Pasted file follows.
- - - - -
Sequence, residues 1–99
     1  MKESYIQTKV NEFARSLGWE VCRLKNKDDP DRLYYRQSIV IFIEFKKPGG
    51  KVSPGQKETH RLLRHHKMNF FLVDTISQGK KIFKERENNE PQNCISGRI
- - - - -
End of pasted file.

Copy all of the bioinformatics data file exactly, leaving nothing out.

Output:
Sequence, residues 1–99
     1  MKESYIQTKV NEFARSLGWE VCRLKNKDDP DRLYYRQSIV IFIEFKKPGG
    51  KVSPGQKETH RLLRHHKMNF FLVDTISQGK KIFKERENNE PQNCISGRI